Osteoporosis may be a silent thief, but there are now ways to sneak a peek at the insides of your bones to see what the bandit is up to.

In the past the best that doctors could do was take bone X-rays, which could detect bone loss only when it reached the dangerous 30 percent level.Now there is the DEXA (duel energy X-ray absorptiometer), which can measure bone loss as small as 1 percent. The DEXA cannot measure the rate at which you are losing bone, but two tests administered a year apart can give you a clue to rate of loss.

According to Hunter Heath III, chief of endocrinology, metabolism and diabetes at the University of Utah School of Medicine, the DEXA is more accurate and provides a lower dose of radiation than a CT scan and is more accurate than the newer ultrasound bone test.

Although the ultrasound is less expensive, requires no radiation and may be statistically accurate for large groups of women, "the predictive power of the test for you is poor."

Bone tests are recommended for women at high risk for osteoporosis - thin, white or Oriental women who have a family history of osteoporosis or who have other risk factors. The test is especially useful for high-risk women who need proof of bone deterioration to convince them to embark on estrogen therapy.

One of the risk factors that may warrant a bone test is long-term use of thyroid medication, although the thyroid/osteoporosis link is controversial.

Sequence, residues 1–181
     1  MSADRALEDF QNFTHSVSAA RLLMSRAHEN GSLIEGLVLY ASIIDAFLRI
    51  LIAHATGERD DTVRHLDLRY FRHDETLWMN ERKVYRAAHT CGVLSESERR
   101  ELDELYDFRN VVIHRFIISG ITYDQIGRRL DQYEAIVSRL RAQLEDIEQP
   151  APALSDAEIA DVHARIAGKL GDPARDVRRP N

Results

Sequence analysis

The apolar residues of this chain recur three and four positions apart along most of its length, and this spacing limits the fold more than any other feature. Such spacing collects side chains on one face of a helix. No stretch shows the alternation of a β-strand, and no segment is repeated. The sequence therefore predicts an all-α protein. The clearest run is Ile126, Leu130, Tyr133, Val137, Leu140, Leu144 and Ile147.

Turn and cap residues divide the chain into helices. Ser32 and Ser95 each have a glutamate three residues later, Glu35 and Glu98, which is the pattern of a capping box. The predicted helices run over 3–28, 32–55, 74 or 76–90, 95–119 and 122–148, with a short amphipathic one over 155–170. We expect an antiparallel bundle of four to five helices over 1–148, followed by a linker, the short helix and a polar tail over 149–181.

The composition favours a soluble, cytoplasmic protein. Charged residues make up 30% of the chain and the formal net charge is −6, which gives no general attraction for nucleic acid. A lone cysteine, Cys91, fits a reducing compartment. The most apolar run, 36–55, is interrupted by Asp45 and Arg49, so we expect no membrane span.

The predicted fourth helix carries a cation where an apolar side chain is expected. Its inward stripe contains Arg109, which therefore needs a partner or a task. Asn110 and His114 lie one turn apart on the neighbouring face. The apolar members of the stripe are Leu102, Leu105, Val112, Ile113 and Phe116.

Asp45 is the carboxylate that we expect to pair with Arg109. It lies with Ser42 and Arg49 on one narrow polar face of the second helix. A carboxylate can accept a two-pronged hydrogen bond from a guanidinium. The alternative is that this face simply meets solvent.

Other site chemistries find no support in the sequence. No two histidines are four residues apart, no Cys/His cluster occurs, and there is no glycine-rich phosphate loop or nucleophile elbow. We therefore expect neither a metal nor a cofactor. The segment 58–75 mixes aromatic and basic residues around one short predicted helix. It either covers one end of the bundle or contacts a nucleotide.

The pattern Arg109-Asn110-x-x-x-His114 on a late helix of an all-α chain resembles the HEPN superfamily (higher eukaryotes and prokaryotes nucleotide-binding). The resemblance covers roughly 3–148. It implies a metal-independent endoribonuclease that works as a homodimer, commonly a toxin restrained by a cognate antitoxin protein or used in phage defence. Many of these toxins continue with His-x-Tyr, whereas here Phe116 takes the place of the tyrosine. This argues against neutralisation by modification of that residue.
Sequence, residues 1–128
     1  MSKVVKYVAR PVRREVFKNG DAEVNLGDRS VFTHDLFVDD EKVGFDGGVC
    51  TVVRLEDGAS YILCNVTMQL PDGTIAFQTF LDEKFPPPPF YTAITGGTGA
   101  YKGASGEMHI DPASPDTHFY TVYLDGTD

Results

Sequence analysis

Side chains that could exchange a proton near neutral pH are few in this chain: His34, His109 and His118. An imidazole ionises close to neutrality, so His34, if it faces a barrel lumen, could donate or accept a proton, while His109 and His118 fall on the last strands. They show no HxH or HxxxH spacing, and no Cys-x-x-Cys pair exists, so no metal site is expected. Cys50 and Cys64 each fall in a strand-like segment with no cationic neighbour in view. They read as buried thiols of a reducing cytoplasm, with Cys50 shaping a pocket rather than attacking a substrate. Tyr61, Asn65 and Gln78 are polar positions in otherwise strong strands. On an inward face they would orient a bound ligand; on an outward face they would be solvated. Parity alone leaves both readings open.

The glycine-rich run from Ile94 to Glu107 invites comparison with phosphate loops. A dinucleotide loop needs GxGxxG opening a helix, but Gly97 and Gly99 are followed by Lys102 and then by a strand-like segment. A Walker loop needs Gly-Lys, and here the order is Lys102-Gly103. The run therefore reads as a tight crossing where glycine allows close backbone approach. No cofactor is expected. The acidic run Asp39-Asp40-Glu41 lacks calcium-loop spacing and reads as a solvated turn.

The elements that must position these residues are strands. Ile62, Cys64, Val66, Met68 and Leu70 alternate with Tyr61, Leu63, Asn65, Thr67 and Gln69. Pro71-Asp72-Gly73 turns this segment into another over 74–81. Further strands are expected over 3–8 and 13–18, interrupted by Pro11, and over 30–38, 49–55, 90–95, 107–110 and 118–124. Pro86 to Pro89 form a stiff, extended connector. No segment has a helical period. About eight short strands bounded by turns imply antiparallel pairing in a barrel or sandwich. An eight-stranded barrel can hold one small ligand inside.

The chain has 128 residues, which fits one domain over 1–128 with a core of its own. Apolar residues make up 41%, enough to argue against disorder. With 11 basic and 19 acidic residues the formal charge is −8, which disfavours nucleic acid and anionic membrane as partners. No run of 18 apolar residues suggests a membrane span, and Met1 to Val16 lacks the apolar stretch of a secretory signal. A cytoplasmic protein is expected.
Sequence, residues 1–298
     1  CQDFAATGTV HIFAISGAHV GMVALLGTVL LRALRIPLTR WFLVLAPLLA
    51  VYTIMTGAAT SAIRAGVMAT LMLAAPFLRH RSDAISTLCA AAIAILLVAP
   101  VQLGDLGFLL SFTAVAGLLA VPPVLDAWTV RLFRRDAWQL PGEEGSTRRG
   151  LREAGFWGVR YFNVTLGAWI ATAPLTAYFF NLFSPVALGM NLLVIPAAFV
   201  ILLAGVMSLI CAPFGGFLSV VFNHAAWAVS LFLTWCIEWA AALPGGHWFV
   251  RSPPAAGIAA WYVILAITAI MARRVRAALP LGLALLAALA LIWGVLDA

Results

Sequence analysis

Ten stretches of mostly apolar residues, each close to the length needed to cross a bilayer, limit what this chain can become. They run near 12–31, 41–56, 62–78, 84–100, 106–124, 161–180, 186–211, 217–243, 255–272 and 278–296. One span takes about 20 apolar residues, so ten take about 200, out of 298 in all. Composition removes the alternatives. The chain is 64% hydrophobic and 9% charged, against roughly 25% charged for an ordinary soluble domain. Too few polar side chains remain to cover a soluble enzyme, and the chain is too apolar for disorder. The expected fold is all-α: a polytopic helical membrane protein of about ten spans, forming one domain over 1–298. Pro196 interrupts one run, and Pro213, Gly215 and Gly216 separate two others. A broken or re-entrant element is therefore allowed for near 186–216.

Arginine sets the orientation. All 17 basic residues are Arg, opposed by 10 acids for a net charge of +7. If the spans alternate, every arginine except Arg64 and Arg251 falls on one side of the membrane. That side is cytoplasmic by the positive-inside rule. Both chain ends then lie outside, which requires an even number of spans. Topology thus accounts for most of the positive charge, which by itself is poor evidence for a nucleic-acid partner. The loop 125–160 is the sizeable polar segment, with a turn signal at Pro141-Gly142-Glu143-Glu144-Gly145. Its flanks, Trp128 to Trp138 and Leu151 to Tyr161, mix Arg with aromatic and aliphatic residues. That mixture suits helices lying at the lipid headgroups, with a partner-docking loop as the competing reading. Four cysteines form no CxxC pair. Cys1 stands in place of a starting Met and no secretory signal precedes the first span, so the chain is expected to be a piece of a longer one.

"For every paper that says (thyroid medication) is bad there is another that says it isn't," says Heath.

Although researchers generally agree that too much thyroid hormone over a long period of time (either naturally occurring or through medication) can lead to fractures, it's not clear how much thyroid hormone is "too much."

Dr. Leonard Wartofsky, professor of medicine at the Uniformed Services University of the Health Sciences, suggests that doctors regularly monitor their thyroid patients for proper TSH levels and that doctors also encourage their thyroid patients to take adequate calcium and exercise, to consider taking estrogen and to avoid tobacco and excessive alcohol.

There are currently over 4 million women taking synthetic thyroid. Many of them, however, may not have visited a doctor or had a TSH test for years, even though the need for thyroid medication is known to decrease with age.